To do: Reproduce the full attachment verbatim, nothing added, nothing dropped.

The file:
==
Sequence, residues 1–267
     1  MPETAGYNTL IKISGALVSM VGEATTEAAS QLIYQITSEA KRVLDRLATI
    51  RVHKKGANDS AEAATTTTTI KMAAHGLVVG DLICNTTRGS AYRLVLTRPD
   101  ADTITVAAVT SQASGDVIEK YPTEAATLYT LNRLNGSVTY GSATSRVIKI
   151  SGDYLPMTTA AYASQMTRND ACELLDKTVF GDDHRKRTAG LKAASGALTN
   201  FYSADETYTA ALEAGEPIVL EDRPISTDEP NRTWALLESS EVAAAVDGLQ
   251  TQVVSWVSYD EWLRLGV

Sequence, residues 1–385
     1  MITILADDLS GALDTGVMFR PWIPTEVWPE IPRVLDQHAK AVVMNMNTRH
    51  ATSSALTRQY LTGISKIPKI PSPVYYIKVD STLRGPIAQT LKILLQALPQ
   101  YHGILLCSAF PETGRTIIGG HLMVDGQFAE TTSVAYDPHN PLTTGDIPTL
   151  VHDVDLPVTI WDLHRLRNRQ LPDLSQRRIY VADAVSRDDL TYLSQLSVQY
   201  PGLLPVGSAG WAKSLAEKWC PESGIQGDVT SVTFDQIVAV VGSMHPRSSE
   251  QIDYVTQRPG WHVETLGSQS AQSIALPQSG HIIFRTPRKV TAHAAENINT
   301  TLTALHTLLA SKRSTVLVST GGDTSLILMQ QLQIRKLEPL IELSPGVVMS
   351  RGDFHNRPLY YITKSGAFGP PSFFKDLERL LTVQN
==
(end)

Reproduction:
Sequence, residues 1–267
     1  MPETAGYNTL IKISGALVSM VGEATTEAAS QLIYQITSEA KRVLDRLATI
    51  RVHKKGANDS AEAATTTTTI KMAAHGLVVG DLICNTTRGS AYRLVLTRPD
   101  ADTITVAAVT SQASGDVIEK YPTEAATLYT LNRLNGSVTY GSATSRVIKI
   151  SGDYLPMTTA AYASQMTRND ACELLDKTVF GDDHRKRTAG LKAASGALTN
   201  FYSADETYTA ALEAGEPIVL EDRPISTDEP NRTWALLESS EVAAAVDGLQ
   251  TQVVSWVSYD EWLRLGV

Sequence, residues 1–385
     1  MITILADDLS GALDTGVMFR PWIPTEVWPE IPRVLDQHAK AVVMNMNTRH
    51  ATSSALTRQY LTGISKIPKI PSPVYYIKVD STLRGPIAQT LKILLQALPQ
   101  YHGILLCSAF PETGRTIIGG HLMVDGQFAE TTSVAYDPHN PLTTGDIPTL
   151  VHDVDLPVTI WDLHRLRNRQ LPDLSQRRIY VADAVSRDDL TYLSQLSVQY
   201  PGLLPVGSAG WAKSLAEKWC PESGIQGDVT SVTFDQIVAV VGSMHPRSSE
   251  QIDYVTQRPG WHVETLGSQS AQSIALPQSG HIIFRTPRKV TAHAAENINT
   301  TLTALHTLLA SKRSTVLVST GGDTSLILMQ QLQIRKLEPL IELSPGVVMS
   351  RGDFHNRPLY YITKSGAFGP PSFFKDLERL LTVQN